A mobile App designed to enable young people to deal with pressures around ‘sexting’ – the sending of explicit images or videos.
Type of intervention
Target groups, level of prevention and subgroups
- Children and Young People (Victims) | Primary prevention | Young People (12-17 years) | Male and female | Online/app | Internet-specific interventions | English
Young people aged 14 -16 years, who may experience pressures to send or receive ‘sexts’. Sexts are sexually explicit texts, images or videos sent using mobile phones.
ChildLine – a free and confidential helpline dedicated to children and young people in the UK and managed by the NSPCC.
Mode and context of delivery
Zipit is an app for mobile phones to do with sexting. It has been developed by ChildLine with the aim of giving young people tools to help diffuse pressures they may experience around sexting. ‘Sexts’ are sexually explicit texts, images or videos sent using mobile phones. Consultations and research with young people have shown that these are very common, but that young people are reluctant to seek help in dealing with them. Zipit was developed for use on Android, Blackberry and Apple phones. It offers funny images to send instead of explicit sexual material and encourages young people to contact ChildLine if they need advice or support. ChildLine is a free, confidential helpline dedicated to children and young people, which provides telephone and online counselling, advice and information. Zipit was launched and promoted with a digital and media campaign.
Level/nature of staff expertise required
The Zipit app was developed by people with specialist technical knowledge and creative skills in relation to the design and development of apps for mobiles. They worked with people expert knowledge of children and of sexting and with young people directly. Media and communication specialists designed and implemented a promotional plan to ensure young people heard about and downloaded the app.
Intensity/extent of engagement with target group(s)
Downloading and using the app takes only a few minutes. There is additional material available on sexting on the ChildLine website, including a video which lasts for 10 minutes. The app can be downloaded from www.childline.org.uk/zipit. Further help and advice for young people is availalable at www.childline.org.uk/sexting; or from www.nspcc.org.uk/sexting for parents.
Description of intervention
Sexting is sharing self-generated, sexually explicit texts, images or video via mobiles. It can include photographs of young people in underwear and naked and sexual images. NSPCC research shows sexting is seen as commonplace by many young people. However it can be coercive and very distressing, especially when images that are shared as part of a relationship are misused and circulated via social media. Young people experience peer pressure to sext but are unlikely to seek help to deal with this, so Zipit has been developed to empower them by providing tools to diffuse the pressures associated with sexting.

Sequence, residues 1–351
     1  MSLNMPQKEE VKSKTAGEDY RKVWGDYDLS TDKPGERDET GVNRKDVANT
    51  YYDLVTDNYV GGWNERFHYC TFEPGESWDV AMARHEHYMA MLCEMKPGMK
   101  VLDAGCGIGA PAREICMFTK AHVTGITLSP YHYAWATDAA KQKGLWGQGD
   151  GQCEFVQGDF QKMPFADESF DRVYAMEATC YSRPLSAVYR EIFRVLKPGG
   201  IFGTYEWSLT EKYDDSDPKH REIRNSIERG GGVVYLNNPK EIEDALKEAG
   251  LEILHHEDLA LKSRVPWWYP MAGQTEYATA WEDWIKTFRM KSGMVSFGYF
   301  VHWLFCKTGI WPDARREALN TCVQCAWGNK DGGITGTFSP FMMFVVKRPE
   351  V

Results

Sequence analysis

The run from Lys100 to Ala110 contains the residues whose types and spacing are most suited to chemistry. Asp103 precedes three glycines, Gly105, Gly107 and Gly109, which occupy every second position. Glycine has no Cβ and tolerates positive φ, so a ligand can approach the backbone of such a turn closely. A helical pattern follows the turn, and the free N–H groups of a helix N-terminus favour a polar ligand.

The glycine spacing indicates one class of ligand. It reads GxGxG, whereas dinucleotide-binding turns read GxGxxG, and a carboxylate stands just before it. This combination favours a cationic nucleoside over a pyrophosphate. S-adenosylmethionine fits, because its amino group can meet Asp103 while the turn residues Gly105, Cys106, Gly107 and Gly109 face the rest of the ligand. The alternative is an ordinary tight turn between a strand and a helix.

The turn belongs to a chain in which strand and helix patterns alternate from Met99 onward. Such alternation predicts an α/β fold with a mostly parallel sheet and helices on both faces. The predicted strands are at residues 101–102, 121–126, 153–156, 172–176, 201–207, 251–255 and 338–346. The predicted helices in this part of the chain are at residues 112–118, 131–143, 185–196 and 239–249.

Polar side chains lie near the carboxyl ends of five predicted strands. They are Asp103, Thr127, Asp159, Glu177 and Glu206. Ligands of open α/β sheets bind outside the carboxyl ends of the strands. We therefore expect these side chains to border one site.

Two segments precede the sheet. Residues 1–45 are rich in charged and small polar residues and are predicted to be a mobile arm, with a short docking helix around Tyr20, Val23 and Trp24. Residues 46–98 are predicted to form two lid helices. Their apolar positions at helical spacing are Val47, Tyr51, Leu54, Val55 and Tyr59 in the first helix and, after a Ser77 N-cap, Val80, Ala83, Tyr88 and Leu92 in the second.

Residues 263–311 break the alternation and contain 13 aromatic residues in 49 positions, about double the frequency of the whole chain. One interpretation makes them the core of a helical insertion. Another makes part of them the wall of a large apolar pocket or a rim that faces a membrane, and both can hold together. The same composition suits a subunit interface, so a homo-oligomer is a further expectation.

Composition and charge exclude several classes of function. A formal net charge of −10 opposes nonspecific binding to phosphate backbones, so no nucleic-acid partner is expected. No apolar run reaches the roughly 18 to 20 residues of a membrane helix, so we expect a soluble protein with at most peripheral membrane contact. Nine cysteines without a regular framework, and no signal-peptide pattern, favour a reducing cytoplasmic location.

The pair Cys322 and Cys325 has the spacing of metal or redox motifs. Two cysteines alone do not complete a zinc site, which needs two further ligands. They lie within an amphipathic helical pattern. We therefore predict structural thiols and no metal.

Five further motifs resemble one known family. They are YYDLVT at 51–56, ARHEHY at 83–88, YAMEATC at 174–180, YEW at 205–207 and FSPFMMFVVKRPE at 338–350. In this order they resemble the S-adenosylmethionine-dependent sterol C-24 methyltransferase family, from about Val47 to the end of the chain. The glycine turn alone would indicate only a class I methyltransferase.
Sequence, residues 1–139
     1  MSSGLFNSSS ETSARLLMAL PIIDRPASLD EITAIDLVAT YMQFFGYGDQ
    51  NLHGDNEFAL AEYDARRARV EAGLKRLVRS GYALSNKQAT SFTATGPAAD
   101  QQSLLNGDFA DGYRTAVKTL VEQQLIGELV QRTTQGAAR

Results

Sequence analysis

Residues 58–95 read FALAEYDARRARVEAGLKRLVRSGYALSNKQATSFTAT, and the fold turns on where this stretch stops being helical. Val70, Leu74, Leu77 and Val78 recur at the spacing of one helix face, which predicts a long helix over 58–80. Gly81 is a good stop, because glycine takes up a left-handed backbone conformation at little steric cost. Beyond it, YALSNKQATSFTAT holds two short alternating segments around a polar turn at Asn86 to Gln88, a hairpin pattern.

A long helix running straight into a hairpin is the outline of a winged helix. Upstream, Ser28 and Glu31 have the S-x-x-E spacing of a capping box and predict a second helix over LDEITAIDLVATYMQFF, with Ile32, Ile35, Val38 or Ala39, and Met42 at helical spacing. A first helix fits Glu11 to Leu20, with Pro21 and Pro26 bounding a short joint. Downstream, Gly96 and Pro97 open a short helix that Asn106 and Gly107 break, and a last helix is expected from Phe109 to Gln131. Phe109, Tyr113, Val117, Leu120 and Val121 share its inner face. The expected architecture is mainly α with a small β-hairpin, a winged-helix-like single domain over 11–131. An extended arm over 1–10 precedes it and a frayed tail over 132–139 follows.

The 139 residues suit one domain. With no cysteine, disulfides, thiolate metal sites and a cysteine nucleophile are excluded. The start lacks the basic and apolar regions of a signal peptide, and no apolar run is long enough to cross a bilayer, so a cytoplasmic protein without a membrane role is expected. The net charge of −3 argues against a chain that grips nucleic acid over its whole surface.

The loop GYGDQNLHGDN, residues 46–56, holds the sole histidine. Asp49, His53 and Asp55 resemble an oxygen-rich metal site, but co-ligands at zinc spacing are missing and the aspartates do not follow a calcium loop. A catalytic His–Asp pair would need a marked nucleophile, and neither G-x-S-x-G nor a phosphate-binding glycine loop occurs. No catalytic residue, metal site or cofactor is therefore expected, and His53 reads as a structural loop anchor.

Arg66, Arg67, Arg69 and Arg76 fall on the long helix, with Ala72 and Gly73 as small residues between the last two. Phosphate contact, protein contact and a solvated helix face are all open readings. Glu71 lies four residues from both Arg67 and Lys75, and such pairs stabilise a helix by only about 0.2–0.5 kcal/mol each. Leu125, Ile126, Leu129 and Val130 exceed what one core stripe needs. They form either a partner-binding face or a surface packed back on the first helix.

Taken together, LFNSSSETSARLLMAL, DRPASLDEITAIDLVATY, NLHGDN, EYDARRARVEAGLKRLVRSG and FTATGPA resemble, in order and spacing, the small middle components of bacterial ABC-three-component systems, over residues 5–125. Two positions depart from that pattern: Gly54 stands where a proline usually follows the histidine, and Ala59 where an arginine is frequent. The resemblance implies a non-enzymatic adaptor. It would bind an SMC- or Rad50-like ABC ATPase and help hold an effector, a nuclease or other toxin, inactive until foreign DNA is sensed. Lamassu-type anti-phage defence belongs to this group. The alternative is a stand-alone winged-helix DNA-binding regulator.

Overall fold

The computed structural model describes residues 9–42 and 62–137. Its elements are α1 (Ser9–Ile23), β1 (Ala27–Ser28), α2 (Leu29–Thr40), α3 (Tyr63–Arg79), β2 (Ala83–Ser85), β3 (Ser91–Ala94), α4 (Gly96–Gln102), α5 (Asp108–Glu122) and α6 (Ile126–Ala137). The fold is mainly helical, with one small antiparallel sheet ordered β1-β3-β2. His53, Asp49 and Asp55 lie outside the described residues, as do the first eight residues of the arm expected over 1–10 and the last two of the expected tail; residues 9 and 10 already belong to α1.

Zipit targets 14 – 16 year olds of both genders, through an app which can be used on Android, Blackberry and Apple mobile phones. The app is free. Its tag line is 'keep flirty chat on the right track' and it offers a series of funny images to send in response to requests to sext, instead of explicit material. It is suitable for use by straight as well as lesbian, gay, bisexual and transsexual young people.
Zipit also offers advice and support through ChildLine's free confidential online and telephone service, where there is more information about sexting as well as the opportunity to speak to a counsellor. There is a ten minute video drama called Exposed, which is about a girl who sent a naked picture of herself to her boyfriend. It also considers other issues around sexting, including:
- What could happen to a sext?
- Who might see it?
- What are the risks?
- Who are you sending it to?
- Why do you want to send it?
ChildLine is also working with the Internet Watch Foundation to help children get images taken down from public websites and social networks if they are under 18 years old.
An evaluation of the app is currently underway. For up to date findings contact ChildLine.
Ringrose, Jessica, Gill, Rosalind, Livingstone, Sonia, Harvey, Laura (2012) A qualitative study of children, young people and 'sexting': a report prepared for the NSPCC. London: NSPCC.
NSPCC (2012) Children, young people and 'sexting': summary of a qualitative study. London: NSPCC.
The above reports can be accessed on-line at NSPCC Library Catalogue
See ChildLine website www.childline.org.uk, or call on 0800 1111.
App is available from Apple, Android and Blackberry app stores .
or further information contact Hannah Flynn, ChildLine (Tel: 0207 8252 960; Email: firstname.lastname@example.org).
INFORMATION CORRECT AT JULY 2021